SAN JOSE -- Over the course of a 12-year career as an NHL goalie, Sharks goaltending coach Johan Hedberg said he only changed his chest protector twice. 

“The one when I retired, there was nothing left,” Hedberg said in a phone interview with NBC Sports California. “[It was] like a wet sweater pretty much.”

Were he still playing, Hedberg would wear his third this season. Goalies around the league are wearing new, streamlined chest protectors under an updated rule from the NHL and the NHLPA in an effort to increase scoring and enforce uniform standards among netminders. The chest protector is the latest piece of goalie equipment to be regulated, following the shrinking of the leg pads and pants. 

Specifically, the chest and arm pads “must be anatomically proportional and size-specific” based on the goalies’ bodies. The result is more form-fitting, with slimmed down arms and strict regulations for padding around the shoulders and collarbone.

“Everybody’s got the same, level playing field,” Hedberg said. “I see no [downside] on shrinking some of the stuff, and just making it smarter where you do have the protection, but you’re not covering anything but your body.”

Early in the season, some goalies have questioned whether or not there is still enough protection, specifically in the arms and shoulders. 

Columbus Blue Jackets goaltender Sergei Bobrovsky told the Columbus Dispatch last month he had bruised arms and elbows for the first time in his career, and called the changes “terrible.” Goalies Braden Holtby, Brian Elliott, and James Reimer, among others, have also shared safety concerns.


Greg Balloch, a writer for the goalie-centric publication InGoal Magazine, saw this coming to some degree. This summer, he watched AHL goalie Ken Appleby in the new chest protector take a routine shot from an NHL player in a drill, only to cut it short. He said he understands why the goalies worry, since they face so many shots in practice. 

“You want to be protected,” Balloch said in a phone interview. "You're playing in the best hockey league in the world and these guys seem to find spots that normal shooters don't. And you know if you're not well protected, then it can be dangerous.”

Sharks goaltender Martin Jones said last week he hasn’t had any problems adjusting to the new equipment, while backup Aaron Dell said he’s “only had a couple of issues.”

“I have kind of noticed on the outer shoulders I get a couple more stingers and things like that,” Dell said last week at the Sharks’ practice facility. “For the most part, it’s not too different.”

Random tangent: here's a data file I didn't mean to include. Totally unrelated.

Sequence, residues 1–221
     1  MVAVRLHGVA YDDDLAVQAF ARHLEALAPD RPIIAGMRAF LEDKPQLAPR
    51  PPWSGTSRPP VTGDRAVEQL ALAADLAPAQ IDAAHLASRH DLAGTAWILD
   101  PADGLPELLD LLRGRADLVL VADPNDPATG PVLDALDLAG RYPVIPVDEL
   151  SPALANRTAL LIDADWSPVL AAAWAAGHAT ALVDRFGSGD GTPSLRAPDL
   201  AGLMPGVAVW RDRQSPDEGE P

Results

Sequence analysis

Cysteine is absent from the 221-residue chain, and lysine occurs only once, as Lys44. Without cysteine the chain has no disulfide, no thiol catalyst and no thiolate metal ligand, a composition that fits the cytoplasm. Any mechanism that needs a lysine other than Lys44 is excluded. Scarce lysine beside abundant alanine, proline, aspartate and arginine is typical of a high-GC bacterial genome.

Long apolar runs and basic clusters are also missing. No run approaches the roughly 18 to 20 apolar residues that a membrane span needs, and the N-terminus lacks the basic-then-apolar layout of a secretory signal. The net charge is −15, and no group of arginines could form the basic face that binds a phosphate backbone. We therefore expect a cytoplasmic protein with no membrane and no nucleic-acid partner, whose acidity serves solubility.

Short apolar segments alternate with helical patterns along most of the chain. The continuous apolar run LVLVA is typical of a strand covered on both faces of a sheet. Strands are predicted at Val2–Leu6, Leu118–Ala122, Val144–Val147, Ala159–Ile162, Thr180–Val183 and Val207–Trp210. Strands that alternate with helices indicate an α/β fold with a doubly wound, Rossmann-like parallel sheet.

Dell said he’s used to the changes now, but he only started practicing with his new chest protector “a week or two” before training camp. Joonas Korpisalo, who is Bobrovsky’s backup, told NBC Sports California last week that his came in days before his first preseason game. 

That’s perhaps because the approval process is far more involved. The league now scans all the chest protectors for compliance with a 3D scanner, NHL goaltending supervisor Kay Whitmore told InGoal this summer. 

The season is barely a month old, but goal-scoring is up. Teams are averaging 3.10 goals per game, an increase of 0.13 over last season. Whether that holds, or is driven at all by the rule changes, is unclear. 

Despite it all, goalies are adjusting. Korpisalo said the manufacturer of his chest protector was very responsive to his initial feedback, as was the case with his peers. 

“I think there’s a lot of guys who have the same problems,” Korpisalo said last week when the Blue Jackets were in the Bay Area. “Even before Sergei said that, we knew there [were] a lot of goalies who agree. … A lot of goalies, it helped to change manufacturers, find [the right chest protector]. For me, it worked.”

It remains to be seen if the controversy surrounding the chest protectors will persist. Hedberg thought a lot of the shortcomings, particularly in the shoulders, can “easily be fixed” without making the pads bigger.

Despite the public backlash, many goalies are in favor of the idea behind the rule, if not the execution.  Dissatisfaction with the new rules is driven by safety concerns, not about their save percentages and goals against averages, according to Balloch.

“They want the talent to rise to the surface,” Balloch said. “They don't want somebody succeeding just because of the gear. … They trust in their ability and the fact that they’ll be able to adapt.”